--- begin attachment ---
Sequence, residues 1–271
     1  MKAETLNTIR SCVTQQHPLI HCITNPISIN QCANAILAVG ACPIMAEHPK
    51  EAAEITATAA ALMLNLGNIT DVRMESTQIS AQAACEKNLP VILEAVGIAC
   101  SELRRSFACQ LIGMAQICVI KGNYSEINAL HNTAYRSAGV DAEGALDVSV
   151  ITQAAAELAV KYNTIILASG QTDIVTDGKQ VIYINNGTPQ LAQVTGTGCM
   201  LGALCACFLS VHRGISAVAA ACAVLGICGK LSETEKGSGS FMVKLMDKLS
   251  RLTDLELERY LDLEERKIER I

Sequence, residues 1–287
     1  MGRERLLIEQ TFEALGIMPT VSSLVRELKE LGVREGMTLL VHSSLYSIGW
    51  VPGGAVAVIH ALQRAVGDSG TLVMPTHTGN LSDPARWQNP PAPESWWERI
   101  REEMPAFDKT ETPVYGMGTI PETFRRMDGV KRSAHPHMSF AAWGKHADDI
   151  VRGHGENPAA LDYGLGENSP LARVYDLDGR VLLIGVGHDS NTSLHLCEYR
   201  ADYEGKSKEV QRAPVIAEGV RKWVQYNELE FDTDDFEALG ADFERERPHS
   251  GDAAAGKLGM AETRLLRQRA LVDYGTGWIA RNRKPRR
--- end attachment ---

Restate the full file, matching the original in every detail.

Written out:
Sequence, residues 1–271
     1  MKAETLNTIR SCVTQQHPLI HCITNPISIN QCANAILAVG ACPIMAEHPK
    51  EAAEITATAA ALMLNLGNIT DVRMESTQIS AQAACEKNLP VILEAVGIAC
   101  SELRRSFACQ LIGMAQICVI KGNYSEINAL HNTAYRSAGV DAEGALDVSV
   151  ITQAAAELAV KYNTIILASG QTDIVTDGKQ VIYINNGTPQ LAQVTGTGCM
   201  LGALCACFLS VHRGISAVAA ACAVLGICGK LSETEKGSGS FMVKLMDKLS
   251  RLTDLELERY LDLEERKIER I

Sequence, residues 1–287
     1  MGRERLLIEQ TFEALGIMPT VSSLVRELKE LGVREGMTLL VHSSLYSIGW
    51  VPGGAVAVIH ALQRAVGDSG TLVMPTHTGN LSDPARWQNP PAPESWWERI
   101  REEMPAFDKT ETPVYGMGTI PETFRRMDGV KRSAHPHMSF AAWGKHADDI
   151  VRGHGENPAA LDYGLGENSP LARVYDLDGR VLLIGVGHDS NTSLHLCEYR
   201  ADYEGKSKEV QRAPVIAEGV RKWVQYNELE FDTDDFEALG ADFERERPHS
   251  GDAAAGKLGM AETRLLRQRA LVDYGTGWIA RNRKPRR